Holly Johnson

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Holly Johnson
Holly Johnson2014.jpg
2014 in Berlin
Background information
Birth name William Johnson
Born (1960-02-09) 9 February 1960 (age 56)
Liverpool, England
Genres Pop, dance, new wave
Occupation(s) Musician, painter, writer
Instruments Vocals, bass guitar
Years active 1977–present
Labels Uni Records, MCA Records, Eric's Club, ZTT Records
Associated acts Frankie Goes to Hollywood, Big in Japan
Website www.hollyjohnson.com

Holly Johnson (born William Johnson, 9 February 1960; legal name William Holly Johnson[1]) is an English artist, musician and writer, best known as the lead vocalist of Frankie Goes to Hollywood, who achieved huge commercial success in the mid-1980s. Prior to that, in the late 1970s he was a bassist for the band Big in Japan. In 1989, Johnson's debut solo album, Blast, reached number one in the UK albums chart. Two singles from the album – "Love Train" and "Americanos" – reached the top 5 of the UK Singles Chart. In the 1990s he embarked on a painting career.[2]

Biography[edit]

Johnson was born in Liverpool, and was actively involved in that city's punk rock/new wave scene of the late 1970s. Johnson played bass with local band Big in Japan and also released two solo singles on the Eric's label. Both "Yankee Rose" and "Hobo Joe" failed to chart however. Johnson later found fame as the lead singer and lyricist of Frankie Goes to Hollywood, who experienced both controversy and phenomenal commercial success during 1984.[3]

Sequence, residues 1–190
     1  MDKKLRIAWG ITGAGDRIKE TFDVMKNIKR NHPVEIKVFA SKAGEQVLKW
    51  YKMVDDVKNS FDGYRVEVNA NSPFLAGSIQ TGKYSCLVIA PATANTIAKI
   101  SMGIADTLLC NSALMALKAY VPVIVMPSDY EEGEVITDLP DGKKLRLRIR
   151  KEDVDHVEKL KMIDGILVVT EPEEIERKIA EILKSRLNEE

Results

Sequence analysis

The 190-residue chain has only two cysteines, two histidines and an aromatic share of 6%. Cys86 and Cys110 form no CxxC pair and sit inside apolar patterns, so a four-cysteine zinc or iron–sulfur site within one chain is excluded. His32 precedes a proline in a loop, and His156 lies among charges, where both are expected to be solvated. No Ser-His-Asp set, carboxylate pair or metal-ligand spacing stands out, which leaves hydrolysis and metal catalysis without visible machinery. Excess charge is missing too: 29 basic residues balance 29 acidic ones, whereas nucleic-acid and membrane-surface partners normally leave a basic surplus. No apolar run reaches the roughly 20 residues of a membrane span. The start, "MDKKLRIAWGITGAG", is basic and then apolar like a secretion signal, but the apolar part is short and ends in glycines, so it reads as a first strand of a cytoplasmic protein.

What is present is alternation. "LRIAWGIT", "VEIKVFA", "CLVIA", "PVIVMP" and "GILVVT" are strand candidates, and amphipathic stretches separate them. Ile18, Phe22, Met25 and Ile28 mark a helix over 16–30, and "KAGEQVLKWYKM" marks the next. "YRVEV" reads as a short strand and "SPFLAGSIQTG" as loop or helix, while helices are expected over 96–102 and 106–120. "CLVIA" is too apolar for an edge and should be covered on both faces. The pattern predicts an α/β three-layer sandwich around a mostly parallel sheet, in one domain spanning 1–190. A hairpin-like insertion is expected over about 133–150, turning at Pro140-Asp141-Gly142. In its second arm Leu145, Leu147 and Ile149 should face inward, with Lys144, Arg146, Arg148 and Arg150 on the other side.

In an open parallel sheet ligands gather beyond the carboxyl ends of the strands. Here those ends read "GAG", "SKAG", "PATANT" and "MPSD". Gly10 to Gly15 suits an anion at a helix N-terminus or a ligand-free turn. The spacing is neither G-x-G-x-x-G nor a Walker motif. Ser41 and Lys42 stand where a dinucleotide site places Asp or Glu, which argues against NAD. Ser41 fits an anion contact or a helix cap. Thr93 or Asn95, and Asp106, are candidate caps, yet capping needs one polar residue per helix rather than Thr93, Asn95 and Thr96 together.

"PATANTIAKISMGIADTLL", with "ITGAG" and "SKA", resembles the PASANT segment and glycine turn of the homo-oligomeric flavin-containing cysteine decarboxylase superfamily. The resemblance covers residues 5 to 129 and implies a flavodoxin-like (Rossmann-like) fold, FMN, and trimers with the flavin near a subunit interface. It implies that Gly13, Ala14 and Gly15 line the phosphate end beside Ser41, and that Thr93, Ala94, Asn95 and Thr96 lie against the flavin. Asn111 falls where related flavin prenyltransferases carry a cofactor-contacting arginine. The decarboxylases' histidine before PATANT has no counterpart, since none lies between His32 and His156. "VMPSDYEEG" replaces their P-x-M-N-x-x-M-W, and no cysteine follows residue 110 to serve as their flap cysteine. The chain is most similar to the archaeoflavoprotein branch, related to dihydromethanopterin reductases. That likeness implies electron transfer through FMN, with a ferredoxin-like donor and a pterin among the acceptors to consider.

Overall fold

Frankie Goes To Hollywood[edit]

After gaining some measure of local celebrity from being a member of Big In Japan, Johnson became involved with a group of younger musicians who together would become the nucleus of Frankie Goes To Hollywood. Johnson himself named the new band [4] after seeing the headline of an article about Frank Sinatra. This new band quickly gained a reputation for their stage show which had strong SM overtones. It was during this period that guitarist Brian Nash and backing vocalist Paul Rutherford completed the band's established line up.

Commercial Success and Fame[edit]